There is a catch with trying to arrest someone for drugged driving, however. If a person is suspected of drunk driving, police can perform a breath test to measure the motorist's blood alcohol concentration. If the motorist's BAC is 0.08 percent or higher, that motorist may be deemed drunk per se and will receive a DUI.

Prenup at issue in Dixie Chicks singer's high asset divorce

Virginia residents may be fans of the country music band, the Dixie Chicks and the band's lead singer, Natalie Maines. In 2017 Maines filed for divorce from her husband on grounds of irreconcilable differences. The couple have two teenage sons. Maines' husband is requesting over $16,000 per month in child support and over $44,000 per month in spousal support from Maines. He is also requesting that Maines be responsible for the $350,000 he has spent in attorney fees.

Maines' husband claims that Maines was the primary income-earner in their family while they were married. He also claims she currently has a net worth of $50 million and continues to earn $2 million each year. He stated in his complaint that he only earns on average $150,000 annually and has accumulated $200,000 in liabilities to support himself and their sons since the couple's separation. He also claims that he turned down many job opportunities while married to Maines to be the primary caregiver in their home while Maines cultivated her singing career.

Prevent challenges from heirs with a "no-contest" clause

A will is the cornerstone of a comprehensive estate plan and allows an individual to designate who inherits certain assets and personal belongings. However, in some cases, heirs may challenge the validity of a will—leading to costly legal battles and irreparable family rifts. Thankfully, when drafting a will, there are steps that you can take to protect your wishes and guard against possible future legal actions.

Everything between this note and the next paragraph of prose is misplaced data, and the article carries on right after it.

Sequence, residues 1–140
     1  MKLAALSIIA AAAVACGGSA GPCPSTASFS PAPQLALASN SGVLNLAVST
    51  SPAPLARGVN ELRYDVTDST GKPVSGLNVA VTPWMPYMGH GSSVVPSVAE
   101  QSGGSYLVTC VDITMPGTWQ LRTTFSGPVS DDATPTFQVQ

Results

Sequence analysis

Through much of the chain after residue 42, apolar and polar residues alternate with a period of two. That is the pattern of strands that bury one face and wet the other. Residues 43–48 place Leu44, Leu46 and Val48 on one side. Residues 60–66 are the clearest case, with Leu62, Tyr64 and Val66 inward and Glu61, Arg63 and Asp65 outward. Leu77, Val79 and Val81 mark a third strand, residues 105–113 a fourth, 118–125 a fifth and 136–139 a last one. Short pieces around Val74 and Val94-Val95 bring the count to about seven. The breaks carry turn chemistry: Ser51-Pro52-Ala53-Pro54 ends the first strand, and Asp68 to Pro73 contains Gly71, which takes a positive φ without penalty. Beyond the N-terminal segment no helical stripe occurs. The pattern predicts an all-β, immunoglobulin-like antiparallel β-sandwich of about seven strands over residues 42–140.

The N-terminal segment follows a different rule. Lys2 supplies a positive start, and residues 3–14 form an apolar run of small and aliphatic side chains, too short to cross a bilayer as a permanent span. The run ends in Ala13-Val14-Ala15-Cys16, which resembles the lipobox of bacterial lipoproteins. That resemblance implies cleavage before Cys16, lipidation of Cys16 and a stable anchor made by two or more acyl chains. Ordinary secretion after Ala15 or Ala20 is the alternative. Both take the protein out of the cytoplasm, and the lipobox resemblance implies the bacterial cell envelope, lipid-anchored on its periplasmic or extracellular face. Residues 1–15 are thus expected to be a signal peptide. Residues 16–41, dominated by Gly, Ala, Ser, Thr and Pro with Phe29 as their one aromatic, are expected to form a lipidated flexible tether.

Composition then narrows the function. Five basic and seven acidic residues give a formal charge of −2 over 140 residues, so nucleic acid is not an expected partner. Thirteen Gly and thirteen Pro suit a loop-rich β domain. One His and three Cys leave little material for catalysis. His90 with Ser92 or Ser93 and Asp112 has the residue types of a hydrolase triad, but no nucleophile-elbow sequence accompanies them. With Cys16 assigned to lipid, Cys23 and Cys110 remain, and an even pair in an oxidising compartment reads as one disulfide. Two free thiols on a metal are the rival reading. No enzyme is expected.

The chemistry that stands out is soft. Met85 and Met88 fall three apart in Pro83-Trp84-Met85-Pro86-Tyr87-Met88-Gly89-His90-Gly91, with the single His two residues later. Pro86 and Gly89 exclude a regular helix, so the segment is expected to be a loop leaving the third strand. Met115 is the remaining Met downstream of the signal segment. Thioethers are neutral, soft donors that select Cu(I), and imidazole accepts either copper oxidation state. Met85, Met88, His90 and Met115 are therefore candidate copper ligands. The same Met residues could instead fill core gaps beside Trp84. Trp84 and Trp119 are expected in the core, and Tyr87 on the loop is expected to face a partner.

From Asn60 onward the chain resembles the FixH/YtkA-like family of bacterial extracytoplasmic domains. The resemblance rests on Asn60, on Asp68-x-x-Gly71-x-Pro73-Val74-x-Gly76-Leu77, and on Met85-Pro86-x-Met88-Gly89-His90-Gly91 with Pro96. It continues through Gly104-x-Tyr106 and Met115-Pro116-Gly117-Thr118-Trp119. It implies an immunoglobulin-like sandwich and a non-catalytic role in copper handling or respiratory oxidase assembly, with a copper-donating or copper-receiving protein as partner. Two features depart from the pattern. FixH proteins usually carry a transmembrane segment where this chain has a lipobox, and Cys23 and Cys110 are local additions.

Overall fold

By including specific language known as a no-contest clause, you can reduce the risk of your will being contested.

Have you and your parents planned for long-term care needs?

According to the U.S. government’s Administration on Aging, there is a 70 percent likelihood that individuals age 65 and older will need some sort of long-term care. Despite this staggering statistic, many people fail to plan for long-term care needs.

Often, people assume that Medicare or a health care plan will provide the coverage they need to cover in-home or nursing home care costs. The truth is, Medicare will not cover these expenses and you may find that you not have insurance coverage for nursing home care or in-home skilled nursing services. One way to help cover these costs, is to qualify for Medicaid.

Don't let divorce destroy your business

When divorce is imminent, you may suddenly look at your life very differently. Everything that you have is something you could potentially lose, from your home to your children. For business owners, divorce presents additional challenges and worries.

Having a clear understanding of your priorities and a strong legal strategy can help you protect your rights and business as you work to negotiate a beneficial divorce settlement.

What is legal versus physical custody in Virginia?

Parents in Virginia who were very much in love when their child was born may find that as time marches on, while their love for their child grows, the relationship they have with one another has become untenable and they are best off divorcing. When this happens a child custody and parenting plan will need to be established. It is important that parents in Virginia who find themselves in such situations understand their child custody options, so they can make decisions that are in their child's best interests.

First there is legal custody. Legal custody is the authority a parent has to make major life decisions regarding the child, regardless of with which parent the child is living with. Such decisions may include where the child will go to school, what doctors the child will see and what religion the child will practice. Legal custody is most often joint, allowing each parent to share in these responsibilities. However, there may be time when one parent is awarded sole legal custody.